Eason’s restructuring depends on property market

Book retailer plans to free up some €100m in capital by completing sell-off of 13-strong portfolio

Eason’s flagship store on O’Connell Street in Dublin. Photograph: Dara Mac Dónaill

Eason’s flagship store on O’Connell Street in Dublin. Photograph: Dara Mac Dónaill

 

These are interesting times for Irish books retailer Eason, which this week asked the High Court to formally approve its plan to pay a €60 million special dividend to shareholders.

The grand old retailer’s plan is to free up close to €100 million in capital by completing the sell-off of a 13-strong portfolio of properties, including some of its own stores that would be sold on a sale-leaseback basis.

If approved by the court, the scheme, devised by chairman David Dilger and managing director Liam Hanly, would see it reduce its share capital to return the bulk of the cash raised to its 220 shareholders, with the excess used to recapitalise the carved-out retail trading division.

The proposal has already been approved by its investors, who agreed with management’s argument that the business is over-capitalised relative to its size.

Shareholders in Eason in reality have the value of their investment tied up, not in books and stationery but rather in bricks and mortar. It makes sense to decouple the retailer’s balance sheet from the vagaries of the property market.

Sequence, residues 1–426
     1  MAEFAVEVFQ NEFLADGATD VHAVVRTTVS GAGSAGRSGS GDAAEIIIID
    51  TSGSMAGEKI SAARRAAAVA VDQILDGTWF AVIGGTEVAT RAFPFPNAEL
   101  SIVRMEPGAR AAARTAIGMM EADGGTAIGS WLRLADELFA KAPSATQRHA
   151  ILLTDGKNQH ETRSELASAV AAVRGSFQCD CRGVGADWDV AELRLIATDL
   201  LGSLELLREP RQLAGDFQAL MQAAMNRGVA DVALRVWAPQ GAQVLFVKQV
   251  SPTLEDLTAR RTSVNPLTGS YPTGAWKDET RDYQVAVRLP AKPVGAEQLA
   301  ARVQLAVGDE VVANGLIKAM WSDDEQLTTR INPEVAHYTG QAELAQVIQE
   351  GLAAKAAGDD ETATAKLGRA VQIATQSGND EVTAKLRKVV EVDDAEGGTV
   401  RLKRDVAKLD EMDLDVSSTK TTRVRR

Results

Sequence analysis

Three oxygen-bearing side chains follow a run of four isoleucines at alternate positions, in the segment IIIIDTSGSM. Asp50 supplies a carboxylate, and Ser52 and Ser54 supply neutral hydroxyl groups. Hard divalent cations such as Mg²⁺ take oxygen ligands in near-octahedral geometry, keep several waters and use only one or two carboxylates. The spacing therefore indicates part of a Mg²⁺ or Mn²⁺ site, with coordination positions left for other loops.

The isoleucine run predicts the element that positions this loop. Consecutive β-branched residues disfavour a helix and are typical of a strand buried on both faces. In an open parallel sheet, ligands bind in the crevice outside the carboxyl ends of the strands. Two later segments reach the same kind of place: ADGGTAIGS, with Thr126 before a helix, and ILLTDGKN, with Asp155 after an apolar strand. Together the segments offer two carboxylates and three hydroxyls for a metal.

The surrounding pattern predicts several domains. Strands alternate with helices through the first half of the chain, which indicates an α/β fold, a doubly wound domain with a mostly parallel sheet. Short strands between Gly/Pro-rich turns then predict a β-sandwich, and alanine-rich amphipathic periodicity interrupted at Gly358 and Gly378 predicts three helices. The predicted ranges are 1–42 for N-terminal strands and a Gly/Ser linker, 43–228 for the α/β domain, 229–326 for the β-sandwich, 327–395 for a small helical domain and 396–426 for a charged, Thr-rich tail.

It is those property market vagaries, however, that could determine the ultimate success or otherwise of the restructuring plan, provided the scheme ultimately receives the court’s approval.

Severe pressure

Just as these are interesting times for Eason, so too are they for the retail property sector. The growth in online sales has put the traditional retail market under severe pressure, booksellers more than most.

Disposable income and consumer confidence are flying high, but traditional retail sales are failing to keep track as sales from shops are leaked to foreign websites, such as Amazon.

This makes the outlook for the retail property sector more uncertain than it would otherwise be, with obvious knock-on effects for the Eason plan, whose success will revolve around achieving the best price possible for those properties it has left to sell, including its O’Connell Street flagship outlet. It has already sold its warehouse.

The shift to online has done much to shape Eason over the past decade. The indirect impact of the shift to online on retail property prices could do much to shape its future.

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